Do you see why I love biennials? With no biennials at this time of year, the tulips would be surrounded by patches of bare soil, with a few mounds of foliage from the emerging perennials. The biennials provide this sense of prodigious growth, filling out the border with both plumped-up foliage and carefree sprays of flowers, until it is fit to burst.
I think we have room for one more biennial, the humble Wallflower (Erysimum cheiri). Confusingly, there are the classic biennial wallflowers, but there are also some short-lived perennial wallflowers. My favourite perennial wallflowers are ‘Bowles Mauve’ and ‘Apricot Twist’. They flower for nearly all of the year, but are expensive, and tend to lightly flower the first year, are magnificent the second and third, and then go all woody and keel over the fourth. They are also expensive. Biennial wallflowers however are cheap as chips to raise from seed, and so can be grown en masse. Here they are providing rivers of colour in the Cottage Garden at Sissinghurst:
Whilst biennial wallflowers tend to be associated with these hot colours, I am going to mix things up a bit, and go for some warm pinks and purples, with ‘Giant Pink’ and ‘Sunset Dark Purple’. They will look just mmm-mmm with some pale pinks and darkest plum tulips in my cutting patch next spring. They smell rather nice too.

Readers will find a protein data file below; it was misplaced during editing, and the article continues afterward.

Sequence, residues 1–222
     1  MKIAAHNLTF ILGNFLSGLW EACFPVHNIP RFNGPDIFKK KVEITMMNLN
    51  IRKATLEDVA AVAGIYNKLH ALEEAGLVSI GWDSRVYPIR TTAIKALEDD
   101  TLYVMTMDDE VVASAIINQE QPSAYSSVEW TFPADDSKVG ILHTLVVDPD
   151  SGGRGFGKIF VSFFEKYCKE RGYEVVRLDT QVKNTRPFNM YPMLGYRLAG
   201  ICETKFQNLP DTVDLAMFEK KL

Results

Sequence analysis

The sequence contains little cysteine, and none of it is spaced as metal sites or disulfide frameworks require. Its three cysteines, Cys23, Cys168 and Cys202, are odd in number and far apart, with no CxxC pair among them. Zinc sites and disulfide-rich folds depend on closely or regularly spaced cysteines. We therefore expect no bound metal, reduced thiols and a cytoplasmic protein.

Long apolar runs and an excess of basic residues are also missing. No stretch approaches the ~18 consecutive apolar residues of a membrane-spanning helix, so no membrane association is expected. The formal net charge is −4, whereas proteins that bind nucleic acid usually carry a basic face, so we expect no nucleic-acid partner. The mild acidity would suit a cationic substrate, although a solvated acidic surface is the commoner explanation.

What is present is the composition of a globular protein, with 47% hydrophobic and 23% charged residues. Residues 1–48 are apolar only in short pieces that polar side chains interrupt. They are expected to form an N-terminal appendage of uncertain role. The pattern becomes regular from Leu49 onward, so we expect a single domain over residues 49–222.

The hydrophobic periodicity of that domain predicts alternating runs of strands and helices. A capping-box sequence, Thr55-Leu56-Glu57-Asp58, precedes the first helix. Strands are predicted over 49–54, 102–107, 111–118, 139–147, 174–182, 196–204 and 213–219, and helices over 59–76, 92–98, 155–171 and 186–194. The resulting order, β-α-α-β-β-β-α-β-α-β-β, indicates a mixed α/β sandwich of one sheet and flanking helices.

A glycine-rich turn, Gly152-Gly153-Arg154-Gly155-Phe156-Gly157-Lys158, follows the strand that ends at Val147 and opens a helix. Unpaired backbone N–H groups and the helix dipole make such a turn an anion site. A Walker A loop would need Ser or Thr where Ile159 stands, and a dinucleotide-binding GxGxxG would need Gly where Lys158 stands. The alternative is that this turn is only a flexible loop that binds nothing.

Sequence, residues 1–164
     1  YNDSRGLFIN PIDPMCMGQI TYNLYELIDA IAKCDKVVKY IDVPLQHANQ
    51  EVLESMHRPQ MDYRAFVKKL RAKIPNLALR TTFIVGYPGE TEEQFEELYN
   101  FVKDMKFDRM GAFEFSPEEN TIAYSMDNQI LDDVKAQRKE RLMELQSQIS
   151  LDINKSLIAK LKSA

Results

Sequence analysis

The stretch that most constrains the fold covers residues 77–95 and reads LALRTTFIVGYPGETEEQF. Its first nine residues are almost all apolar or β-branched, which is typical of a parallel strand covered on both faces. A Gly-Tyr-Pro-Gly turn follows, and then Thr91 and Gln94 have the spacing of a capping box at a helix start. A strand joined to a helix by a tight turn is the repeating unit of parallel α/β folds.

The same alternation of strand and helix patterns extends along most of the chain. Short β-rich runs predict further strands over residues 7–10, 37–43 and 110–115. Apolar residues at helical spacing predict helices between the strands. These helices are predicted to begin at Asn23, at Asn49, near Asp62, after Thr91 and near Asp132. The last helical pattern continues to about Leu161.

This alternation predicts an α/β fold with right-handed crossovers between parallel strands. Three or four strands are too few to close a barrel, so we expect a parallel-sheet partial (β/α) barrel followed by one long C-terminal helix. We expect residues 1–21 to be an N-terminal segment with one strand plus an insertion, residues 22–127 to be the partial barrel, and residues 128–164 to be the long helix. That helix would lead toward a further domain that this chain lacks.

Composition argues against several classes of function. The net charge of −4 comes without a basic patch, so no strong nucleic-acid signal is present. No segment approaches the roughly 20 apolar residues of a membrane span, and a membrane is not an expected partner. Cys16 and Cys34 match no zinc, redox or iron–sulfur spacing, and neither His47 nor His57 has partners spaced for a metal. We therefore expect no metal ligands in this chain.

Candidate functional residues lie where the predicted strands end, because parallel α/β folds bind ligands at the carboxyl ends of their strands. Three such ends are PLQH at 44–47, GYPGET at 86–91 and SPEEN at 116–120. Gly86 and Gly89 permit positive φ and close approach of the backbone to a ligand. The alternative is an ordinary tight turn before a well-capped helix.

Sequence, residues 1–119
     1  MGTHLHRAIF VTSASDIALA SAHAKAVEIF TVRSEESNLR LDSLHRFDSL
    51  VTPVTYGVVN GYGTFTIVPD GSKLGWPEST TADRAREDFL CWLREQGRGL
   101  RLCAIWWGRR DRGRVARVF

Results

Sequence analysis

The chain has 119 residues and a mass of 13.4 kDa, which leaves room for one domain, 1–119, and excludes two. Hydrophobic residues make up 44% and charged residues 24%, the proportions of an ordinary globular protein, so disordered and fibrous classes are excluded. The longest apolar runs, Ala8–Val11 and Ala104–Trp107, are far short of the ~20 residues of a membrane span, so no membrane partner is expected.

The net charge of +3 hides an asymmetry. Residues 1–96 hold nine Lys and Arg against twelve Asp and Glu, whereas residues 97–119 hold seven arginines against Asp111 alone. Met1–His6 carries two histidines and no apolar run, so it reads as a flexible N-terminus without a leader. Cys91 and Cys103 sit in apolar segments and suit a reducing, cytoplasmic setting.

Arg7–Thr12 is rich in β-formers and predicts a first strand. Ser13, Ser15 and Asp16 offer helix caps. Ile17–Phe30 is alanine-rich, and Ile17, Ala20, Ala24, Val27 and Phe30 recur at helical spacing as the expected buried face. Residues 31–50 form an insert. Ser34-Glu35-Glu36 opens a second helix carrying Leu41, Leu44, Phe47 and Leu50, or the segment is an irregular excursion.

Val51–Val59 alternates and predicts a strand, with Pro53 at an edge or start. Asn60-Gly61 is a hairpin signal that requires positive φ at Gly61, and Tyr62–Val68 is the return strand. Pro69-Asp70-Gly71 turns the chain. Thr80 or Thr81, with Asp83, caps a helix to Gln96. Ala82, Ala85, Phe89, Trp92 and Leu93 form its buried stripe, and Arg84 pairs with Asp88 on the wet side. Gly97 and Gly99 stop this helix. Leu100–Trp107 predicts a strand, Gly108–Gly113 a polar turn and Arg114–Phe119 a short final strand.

Now for the practical bit. If you are thinking of following suit and sowing some wonderful biennials to plump up your late-spring to early-summer garden, here is how:
I will sow these biennial seeds in trays in a couple of weeks, using the same techniques as for annuals. You need multi-purpose compost (let’s not complicate things with seed compost; I have found this to be unnecessary), sprinkle it with water from a can, then a light sowing of seed on top, a sieved sprinkle of compost or vermiculite, and keep it damp until the seeds start to germinate. These seeds are fine in a sheltered spot outside, but bring them in overnight if a frost is forecast. Thin the seedlings out if necessary, prick out when there are two pairs of leaves. This just means levering them out of the tray and into some waiting pots. Keep them damp but not saturated through the summer. I will plant them out into their final positions in late summer, for flowering next spring.
These biennials will self-sow in subsequent years, delighting you with their creativity forever. Alternatively, if you have a cutting patch, you can grow them in neat little rows or blocks, and cut them for the house to accompany daffodils, tulips, alliums and gladioli. Keep picking these flowers, and they will just keep on producing until midsummer. Collect seed and start again!